Bipolar disorders, or manic-depressive illness, is a group of disorders characterized by the presence of pronounced high-energy phases known as manic episodes. Typically, unusual shifts in mood and energy manifest in increased activity levels and impair ability to function. The impairment created by bipolar disorder can be severe and can result in damaged relationships, poor job or school performance, and even suicide.
There are several different types of bipolar disorder. Bipolar I disorder refers to a condition in which an individual experiences a full-blown manic episode for at least one week and may or may not also experience depression. The manic symptoms may be so severe that hospitalization is required. Bipolar II refers to the presence of a current or past hypomanic episode, which is a slightly less severe form of mania lasting at least four consecutive days, as well as the presence of a current or past episode of major depression. Cyclothymic disorder, or cyclothymia, refers to recurring hypomanic and depressive mood shifts over at least a two-year period in adults.
According to the National Institute of Mental Health, an estimated 4.4 percent of adults in the United States experience a bipolar disorder at some point in their lifetime. The condition occurs with equal frequency among males and females. The median age of onset is 25 years. Nevertheless, a bipolar disorder may begin in childhood or may have its onset late in life. Bipolar disorders are typically chronic conditions and require lifelong management. More than 90 percent of people who have a single manic episode go on to have recurrent episodes of mania or depression.
People experiencing a manic episode are often described as excessively cheerful or "feeling on top of the world." Often, however, the dominant mood during a manic episode is irritability. Additionally, persons experiencing mania may display suddenly inflated self-esteem, decreased need for sleep, talkativeness and distractibility, and often engage in activities that have high potential for painful consequences (gambling, heavy spending, sexual indiscretions). Hypomania is similar to mania in that the disturbance in mood and the change in functioning are observable by others, but the episode is not severe enough to cause major impairment in social or occupational functioning or to require hospitalization.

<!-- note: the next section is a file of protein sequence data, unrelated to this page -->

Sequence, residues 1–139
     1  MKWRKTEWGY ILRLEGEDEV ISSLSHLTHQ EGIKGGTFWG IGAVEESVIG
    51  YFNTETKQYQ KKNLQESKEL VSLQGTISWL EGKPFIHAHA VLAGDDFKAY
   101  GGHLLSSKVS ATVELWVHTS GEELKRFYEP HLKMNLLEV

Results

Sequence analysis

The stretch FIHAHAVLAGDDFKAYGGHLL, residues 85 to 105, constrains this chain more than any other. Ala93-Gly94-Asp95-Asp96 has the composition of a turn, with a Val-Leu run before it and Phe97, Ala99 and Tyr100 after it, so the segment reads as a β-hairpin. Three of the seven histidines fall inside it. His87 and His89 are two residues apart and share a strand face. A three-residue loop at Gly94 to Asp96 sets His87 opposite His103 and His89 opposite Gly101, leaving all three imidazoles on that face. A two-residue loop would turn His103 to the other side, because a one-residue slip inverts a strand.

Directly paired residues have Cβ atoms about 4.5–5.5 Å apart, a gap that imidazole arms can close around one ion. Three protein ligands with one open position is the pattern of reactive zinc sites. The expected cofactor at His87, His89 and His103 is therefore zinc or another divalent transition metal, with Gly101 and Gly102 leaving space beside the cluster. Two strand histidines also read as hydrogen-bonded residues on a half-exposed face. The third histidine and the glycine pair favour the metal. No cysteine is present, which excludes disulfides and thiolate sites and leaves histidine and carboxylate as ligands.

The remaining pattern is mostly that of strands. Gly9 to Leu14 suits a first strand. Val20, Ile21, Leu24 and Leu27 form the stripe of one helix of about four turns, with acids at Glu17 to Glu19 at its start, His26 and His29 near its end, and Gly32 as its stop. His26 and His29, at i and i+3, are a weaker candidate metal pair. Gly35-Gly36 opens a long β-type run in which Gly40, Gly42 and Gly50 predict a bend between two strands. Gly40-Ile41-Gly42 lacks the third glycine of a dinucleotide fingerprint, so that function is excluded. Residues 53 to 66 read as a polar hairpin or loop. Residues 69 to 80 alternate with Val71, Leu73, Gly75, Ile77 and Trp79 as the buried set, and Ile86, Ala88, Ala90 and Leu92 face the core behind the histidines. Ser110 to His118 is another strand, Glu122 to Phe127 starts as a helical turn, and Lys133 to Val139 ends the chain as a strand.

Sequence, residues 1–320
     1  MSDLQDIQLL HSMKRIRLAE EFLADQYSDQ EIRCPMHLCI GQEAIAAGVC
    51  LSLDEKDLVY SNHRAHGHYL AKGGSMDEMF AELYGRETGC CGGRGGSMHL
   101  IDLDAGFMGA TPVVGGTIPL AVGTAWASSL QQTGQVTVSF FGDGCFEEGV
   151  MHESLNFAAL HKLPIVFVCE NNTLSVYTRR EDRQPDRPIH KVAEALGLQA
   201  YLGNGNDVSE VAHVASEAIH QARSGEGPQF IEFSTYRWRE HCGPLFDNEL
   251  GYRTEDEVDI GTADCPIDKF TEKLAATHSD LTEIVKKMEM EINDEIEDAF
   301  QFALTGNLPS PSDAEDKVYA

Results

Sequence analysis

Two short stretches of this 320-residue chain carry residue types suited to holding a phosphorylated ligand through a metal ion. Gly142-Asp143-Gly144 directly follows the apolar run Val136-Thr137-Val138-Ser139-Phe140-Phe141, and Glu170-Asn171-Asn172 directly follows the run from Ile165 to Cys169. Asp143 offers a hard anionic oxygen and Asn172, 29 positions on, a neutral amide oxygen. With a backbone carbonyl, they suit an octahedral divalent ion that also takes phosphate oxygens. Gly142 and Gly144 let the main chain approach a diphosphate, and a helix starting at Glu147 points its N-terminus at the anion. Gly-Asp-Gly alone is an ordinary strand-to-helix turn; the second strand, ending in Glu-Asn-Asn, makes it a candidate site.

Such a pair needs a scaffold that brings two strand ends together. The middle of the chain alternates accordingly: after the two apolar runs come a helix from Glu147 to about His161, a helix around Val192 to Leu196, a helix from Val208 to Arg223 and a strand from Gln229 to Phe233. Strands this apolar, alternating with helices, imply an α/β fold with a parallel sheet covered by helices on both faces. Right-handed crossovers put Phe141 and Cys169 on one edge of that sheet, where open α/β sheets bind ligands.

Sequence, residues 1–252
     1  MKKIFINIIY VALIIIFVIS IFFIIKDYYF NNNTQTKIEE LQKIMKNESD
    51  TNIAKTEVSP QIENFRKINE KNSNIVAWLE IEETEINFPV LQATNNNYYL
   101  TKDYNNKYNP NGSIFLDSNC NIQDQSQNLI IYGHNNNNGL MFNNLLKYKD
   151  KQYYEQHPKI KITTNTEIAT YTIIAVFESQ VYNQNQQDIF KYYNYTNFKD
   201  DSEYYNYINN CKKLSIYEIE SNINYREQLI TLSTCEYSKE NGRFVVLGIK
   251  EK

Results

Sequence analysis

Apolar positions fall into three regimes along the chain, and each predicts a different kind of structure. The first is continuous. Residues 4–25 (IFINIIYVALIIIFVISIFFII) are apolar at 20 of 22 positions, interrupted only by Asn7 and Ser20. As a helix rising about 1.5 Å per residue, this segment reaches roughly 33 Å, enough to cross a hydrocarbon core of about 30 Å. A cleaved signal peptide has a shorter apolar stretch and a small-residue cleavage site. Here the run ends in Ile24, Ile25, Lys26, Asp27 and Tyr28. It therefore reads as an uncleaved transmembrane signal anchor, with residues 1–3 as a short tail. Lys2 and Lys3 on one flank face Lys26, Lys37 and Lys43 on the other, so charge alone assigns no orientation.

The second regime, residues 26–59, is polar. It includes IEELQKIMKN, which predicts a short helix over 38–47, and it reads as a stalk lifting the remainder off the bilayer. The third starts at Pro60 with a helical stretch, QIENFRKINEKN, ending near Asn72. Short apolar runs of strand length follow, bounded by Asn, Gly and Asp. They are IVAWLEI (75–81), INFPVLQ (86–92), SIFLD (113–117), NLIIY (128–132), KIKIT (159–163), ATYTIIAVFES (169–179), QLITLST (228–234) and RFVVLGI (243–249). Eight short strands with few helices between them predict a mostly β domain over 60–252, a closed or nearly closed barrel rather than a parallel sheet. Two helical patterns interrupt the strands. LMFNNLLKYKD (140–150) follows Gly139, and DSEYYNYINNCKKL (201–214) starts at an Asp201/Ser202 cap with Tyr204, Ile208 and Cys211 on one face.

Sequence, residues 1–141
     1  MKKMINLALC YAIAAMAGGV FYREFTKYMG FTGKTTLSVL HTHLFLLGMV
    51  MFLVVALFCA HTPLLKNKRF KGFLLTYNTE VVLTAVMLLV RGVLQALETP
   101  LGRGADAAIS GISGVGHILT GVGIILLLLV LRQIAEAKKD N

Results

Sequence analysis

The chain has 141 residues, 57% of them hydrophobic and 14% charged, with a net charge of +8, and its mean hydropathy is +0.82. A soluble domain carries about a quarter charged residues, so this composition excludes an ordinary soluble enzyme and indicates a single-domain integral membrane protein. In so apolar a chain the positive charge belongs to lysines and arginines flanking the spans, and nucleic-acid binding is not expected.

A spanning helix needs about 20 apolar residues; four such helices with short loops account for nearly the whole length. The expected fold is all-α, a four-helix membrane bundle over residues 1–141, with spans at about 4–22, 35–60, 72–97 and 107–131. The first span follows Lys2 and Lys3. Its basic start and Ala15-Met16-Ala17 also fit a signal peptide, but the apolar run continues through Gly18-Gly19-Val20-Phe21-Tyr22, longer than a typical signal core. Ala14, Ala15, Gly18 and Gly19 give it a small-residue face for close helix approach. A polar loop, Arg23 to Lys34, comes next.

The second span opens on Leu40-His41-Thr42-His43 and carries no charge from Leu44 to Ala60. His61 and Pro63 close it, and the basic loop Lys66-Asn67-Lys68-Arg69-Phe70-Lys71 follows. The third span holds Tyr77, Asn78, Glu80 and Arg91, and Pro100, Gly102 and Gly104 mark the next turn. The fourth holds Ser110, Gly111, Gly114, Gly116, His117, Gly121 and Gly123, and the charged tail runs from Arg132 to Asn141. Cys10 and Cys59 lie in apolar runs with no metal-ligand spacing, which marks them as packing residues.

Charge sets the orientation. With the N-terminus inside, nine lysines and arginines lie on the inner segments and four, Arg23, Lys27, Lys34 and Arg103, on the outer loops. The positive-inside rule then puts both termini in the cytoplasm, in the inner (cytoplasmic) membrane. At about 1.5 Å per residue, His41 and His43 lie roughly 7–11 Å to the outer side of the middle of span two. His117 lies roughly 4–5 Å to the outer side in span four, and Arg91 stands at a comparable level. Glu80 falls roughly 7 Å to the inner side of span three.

During a manic episode, an person may start multiple new projects and feel that they are capable of accomplishing anything, regardless of their level of experience or talent. One of the most common features of mania is a decreased need for sleep; a person might go days without sleep, yet not feel tired. Often, a manic person's thoughts race faster than they can be expressed; the result may be abrupt shifts in topic and pressured and incoherent speech. Sometimes during a manic episode people display hostility and angry tirades, particularly if an attempt is made to interrupt them.
Children who are at risk for bipolar disorder (because a parent has the disorder) display a developmental sequence beginning with symptoms that are not specific to bipolar disorder, notably sleep problems and anxiety. The condition progresses from minor mood disorder to major depressive disorder in adolescence, with full-blown bipolar disorder developing in the transition to adulthood, typically with an episode of mania or hypomania or a first episode of psychosis following an episode of depression.
It is characteristic of the condition that those who are experiencing mania do not perceive that they are ill or in need of treatment and resist engaging with treatment. Diagnosis and treatment are incredibly important; the lifetime risk of suicide among individuals with bipolar disorder is at least 15 times that of the general population. Bipolar disorder is often not recognized, or may be confused with other conditions, and people may suffer for years before they receive appropriate treatment.